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Help with fusion PCR to piece together fragments - (Feb/09/2007 )

I am an undergraduate Honors biology student. My research project is two place untranslated regions of a similar gene before and after the coding sequence of a sample that I have. In my first round of PCR, I have generated the UTRs with overlapping sequence (about 16bp) with my desired gene. However, I tried to link my UTRs and gene together by combining the UTRs with my desired gene and the forward and reverse primers and it hasn't worked. Does anyone know of a way to help me with this problem?


hmm what conditions have you used?

you could tell us exactly what was done. Quantities, volumes. The PCR cycling conditions, (temp. durations, number of cycles), what is the sequence of the 16bps.

Have you tried making lots of single stranded DNA first (using only the forward primer to amplify the forward section for maybe 10 cycles, like wise for the reverse primer with the rearwards segment). Then late combine the products of the PCR reactions and continue the PCR reaction.


Off the top of my head the conditions I followed were:

1.5ul Forward Primer
1.5ul Reverse Primer
1.3ul MgCl++
1.7ul 10x PCR buffer
9.8ul ddH2O
1.0ul dNTPmix
0.2ul Taq Polymerase
1.0ul 5'UTR(10ng/ul)
1.0ul 3'UTR(10ng/ul)
1.0ul DNA of selected gene

Thermal Conditions:
95 degrees
45 degrees (annealing tempis two mins)
72 degrees

for 35 cycles

I have not tried making single stranded DNA and I really have no idea how to. I don't have much experience with molecular biology, but I am very appreciative for any suggestions!


erm the concentration of the various components are missing (primers, MgCl). I would like to know the sequence of forward and verse primers, and the 2 homology regions to calculate the tm.

how big is all this

5'UTR - gene -3'UTR

What is the size of each individual component?

Taq polymerase is not the best enzyme to use. It is quite error prone. With this many cycles and a product of any appreciable size, near all the products will have at least one mutation. Furthermore taq doesn't amplify large fragments well without a lot of optimisation (large being anything over 2kb)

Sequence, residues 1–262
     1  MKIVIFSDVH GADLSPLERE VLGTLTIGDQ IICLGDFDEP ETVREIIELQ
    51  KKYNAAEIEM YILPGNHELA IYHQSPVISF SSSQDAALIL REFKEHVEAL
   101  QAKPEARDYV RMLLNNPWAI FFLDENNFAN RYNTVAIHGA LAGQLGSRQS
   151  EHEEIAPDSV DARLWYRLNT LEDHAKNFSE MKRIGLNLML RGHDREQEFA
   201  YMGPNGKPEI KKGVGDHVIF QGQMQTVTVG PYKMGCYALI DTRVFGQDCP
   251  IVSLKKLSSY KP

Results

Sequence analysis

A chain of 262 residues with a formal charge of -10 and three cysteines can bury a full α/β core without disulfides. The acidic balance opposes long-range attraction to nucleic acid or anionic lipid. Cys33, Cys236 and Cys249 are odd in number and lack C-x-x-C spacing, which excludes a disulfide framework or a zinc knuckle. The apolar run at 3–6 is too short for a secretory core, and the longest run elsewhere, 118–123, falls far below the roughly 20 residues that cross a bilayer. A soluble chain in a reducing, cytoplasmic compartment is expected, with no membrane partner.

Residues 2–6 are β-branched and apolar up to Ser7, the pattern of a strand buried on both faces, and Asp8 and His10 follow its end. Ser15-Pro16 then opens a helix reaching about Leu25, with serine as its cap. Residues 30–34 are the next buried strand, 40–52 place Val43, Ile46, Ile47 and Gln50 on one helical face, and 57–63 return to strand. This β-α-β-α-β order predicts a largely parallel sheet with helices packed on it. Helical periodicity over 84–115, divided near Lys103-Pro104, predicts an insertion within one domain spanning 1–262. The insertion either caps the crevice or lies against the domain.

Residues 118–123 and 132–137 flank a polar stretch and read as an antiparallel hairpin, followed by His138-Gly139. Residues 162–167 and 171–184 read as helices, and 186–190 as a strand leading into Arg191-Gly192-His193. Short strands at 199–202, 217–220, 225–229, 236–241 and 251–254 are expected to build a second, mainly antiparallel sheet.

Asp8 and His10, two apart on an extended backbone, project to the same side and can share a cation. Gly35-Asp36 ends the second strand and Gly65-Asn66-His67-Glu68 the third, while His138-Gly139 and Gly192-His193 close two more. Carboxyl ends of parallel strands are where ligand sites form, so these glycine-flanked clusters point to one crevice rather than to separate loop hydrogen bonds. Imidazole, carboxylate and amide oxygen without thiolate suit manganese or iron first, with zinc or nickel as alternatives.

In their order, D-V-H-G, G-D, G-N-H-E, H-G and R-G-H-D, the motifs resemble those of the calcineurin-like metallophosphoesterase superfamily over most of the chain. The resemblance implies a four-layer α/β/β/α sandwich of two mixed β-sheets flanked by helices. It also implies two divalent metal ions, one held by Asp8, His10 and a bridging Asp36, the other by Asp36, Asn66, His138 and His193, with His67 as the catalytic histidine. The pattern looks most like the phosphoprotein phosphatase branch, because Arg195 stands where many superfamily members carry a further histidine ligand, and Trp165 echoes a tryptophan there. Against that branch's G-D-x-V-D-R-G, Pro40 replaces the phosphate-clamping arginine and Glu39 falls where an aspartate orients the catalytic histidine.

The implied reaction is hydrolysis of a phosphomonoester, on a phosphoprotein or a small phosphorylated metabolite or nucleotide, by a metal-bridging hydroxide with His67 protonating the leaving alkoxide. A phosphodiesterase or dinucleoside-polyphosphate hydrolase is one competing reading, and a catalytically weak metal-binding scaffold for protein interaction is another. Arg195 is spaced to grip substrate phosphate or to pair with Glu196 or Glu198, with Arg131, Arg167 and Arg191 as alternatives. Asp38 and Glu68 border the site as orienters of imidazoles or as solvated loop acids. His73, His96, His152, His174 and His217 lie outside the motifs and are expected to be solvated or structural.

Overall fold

I would strongly suggest you use a high fidelity enzyme. Something like KOD hifi, Vent or similar. It is possible you may have to reamplify all your fragments.

The annealing temperature is urr... too high (!?) It should be (tm - 5 Celsius) rather then (tm - 2 Celsius). Drop the annealing temperature to about 40 Celsius (?!). Still a tm of 47 Celsius is very low. I am quite uncomfortable with this. If you could redesign your primers aim for a tm of at least 58 Celsius.

ssDNA production is made via a non symertical PCR reaction. Normally in a PCR reaction both reverse and forward primers are in equal concentrations. To produce ssDNA, one primer is in excess, while the other primer is present only in small quantities. The primer in excess produces the desire ssDNA.

Rather then put all three components together. you could try putting two components first. eg 5'UTR and gene. Once you have a product (5'UTR-gene), use said product to start a second PCR reaction with (5'UTR-gene) and the 3'UTR


Thank you so much!!!


Just adding to Pernese's reply, Phusion polymerase from Finnzymes is excellent. It's a protein fusion between the DNA binding domain of Taq and the polymerase domain of Pfu (Pfu is another polymerase). This protein contains the fidelity of Pfu (which has 3` exonuclease activity that gives it high fidelity) and speed of Taq all in the one enzyme, it's a real breakthrough in PCR technology in the last few years. I've been using it for a year now and I don't think it's stuffed up once. There's are a few of these "fusion" enzymes around now, but this is the one I use and it's fine.